Use this URL to cite or link to this record in EThOS: http://ethos.bl.uk/OrderDetails.do?uin=uk.bl.ethos.487271
Title: Phosphoproteomic and signalling-protein interaction analyses downstream of the Erythropoietin receptor in erythroid progenitors
Author: Konstantinou-Tegou, Anastasios
ISNI:       0000 0001 3601 7515
Awarding Body: University of Oxford
Current Institution: University of Oxford
Date of Award: 2008
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Abstract:
Erythropoietin holds an essential role in the process of red blood cell production. Upon binding to its receptor it activates a signalling pathway regulated mainly by tyrosinephosphorylation events. Despite the extensive study of Epo signalling in the past two decades, substantial questions sti11 remain open, regarding mainly the proteins involved in the signal transduction pathway. . In contrast to the majority of published Epo-related studies, which use mainly erythroid cancer cell lines or hematopoietic cel1s transfected with the EpoR, in this study we utilised immortalised murine erythroid progenitor cells in order to understand the intracellular effects of Epo stimulation. This cell system combines the characteristics and signa11ing networks ~f the primary erythroid cel1s, with the unlimited life span of the immortalised cell lines, thus constituting an important tool for large-scale analyses. By differential centrifugation a subcellular fraction was identified where the active EpoR . was found specifically localised. By immunoblotting and immunoprecipitation experiments the localisation and interactions of various signalling proteins were investigated . . .' in the same as well as other generated fractions. Additional1y, different approaches were designed and fol1owed for a more global analysis of Epo-induced effects in the cells. These included fluorescent two-dimensional electrophoresis, affinity chromatography purification of tyrosine phosphorylated proteins by the use of ·phosphotyrosine antibodies and recombinantly expressed SH2 domains, as well as isolation of phosphorylated peptides with titanium dioxide microcolumns. Following mass spectrometric analysis, a wide range of potential novel phosphorylated proteins was identified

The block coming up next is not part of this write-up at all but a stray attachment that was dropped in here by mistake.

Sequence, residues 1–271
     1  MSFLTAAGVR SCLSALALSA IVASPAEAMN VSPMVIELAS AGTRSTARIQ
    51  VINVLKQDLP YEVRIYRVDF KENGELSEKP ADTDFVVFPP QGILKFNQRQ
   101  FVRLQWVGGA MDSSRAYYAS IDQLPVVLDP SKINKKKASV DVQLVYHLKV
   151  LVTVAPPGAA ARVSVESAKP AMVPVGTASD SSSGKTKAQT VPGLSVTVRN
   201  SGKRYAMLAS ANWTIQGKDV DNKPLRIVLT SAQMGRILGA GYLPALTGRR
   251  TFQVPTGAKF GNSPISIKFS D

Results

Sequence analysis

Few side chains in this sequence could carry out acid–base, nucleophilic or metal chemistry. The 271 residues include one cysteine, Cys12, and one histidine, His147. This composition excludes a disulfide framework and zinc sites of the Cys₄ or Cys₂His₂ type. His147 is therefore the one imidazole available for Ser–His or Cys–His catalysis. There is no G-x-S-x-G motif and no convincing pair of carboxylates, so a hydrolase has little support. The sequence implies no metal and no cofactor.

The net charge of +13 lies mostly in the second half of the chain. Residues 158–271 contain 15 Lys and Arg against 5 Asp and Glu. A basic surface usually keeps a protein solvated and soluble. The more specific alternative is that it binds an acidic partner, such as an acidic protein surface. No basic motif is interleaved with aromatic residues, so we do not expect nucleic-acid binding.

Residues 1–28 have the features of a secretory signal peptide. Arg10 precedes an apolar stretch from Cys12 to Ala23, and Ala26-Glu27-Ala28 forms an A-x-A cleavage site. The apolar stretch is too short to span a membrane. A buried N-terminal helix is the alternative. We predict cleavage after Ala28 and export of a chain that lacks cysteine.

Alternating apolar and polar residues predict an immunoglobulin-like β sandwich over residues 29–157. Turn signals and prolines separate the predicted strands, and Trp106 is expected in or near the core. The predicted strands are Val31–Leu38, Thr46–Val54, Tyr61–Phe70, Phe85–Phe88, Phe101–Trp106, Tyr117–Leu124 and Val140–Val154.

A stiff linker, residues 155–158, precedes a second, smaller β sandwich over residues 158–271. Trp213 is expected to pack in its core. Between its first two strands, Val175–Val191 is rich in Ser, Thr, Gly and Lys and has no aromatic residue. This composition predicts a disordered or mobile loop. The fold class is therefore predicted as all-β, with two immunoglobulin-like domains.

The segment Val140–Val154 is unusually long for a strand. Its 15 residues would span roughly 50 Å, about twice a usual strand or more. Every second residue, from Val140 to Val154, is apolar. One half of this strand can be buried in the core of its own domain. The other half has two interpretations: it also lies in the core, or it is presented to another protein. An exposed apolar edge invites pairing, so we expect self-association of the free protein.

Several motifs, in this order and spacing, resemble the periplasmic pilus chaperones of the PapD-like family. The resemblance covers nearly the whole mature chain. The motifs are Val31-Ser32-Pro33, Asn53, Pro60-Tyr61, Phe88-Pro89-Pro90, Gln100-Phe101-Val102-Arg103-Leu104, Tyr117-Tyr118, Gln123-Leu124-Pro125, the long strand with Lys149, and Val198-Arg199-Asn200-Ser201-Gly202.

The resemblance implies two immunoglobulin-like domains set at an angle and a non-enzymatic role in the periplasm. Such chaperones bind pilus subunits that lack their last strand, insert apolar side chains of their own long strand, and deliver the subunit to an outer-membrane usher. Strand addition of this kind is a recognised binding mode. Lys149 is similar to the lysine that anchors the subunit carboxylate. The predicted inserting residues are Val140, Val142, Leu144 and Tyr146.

Supervisor: Not available Sponsor: Not available
Qualification Name: University of Oxford, 2008 Qualification Level: Doctoral
EThOS ID: uk.bl.ethos.487271  DOI: Not available
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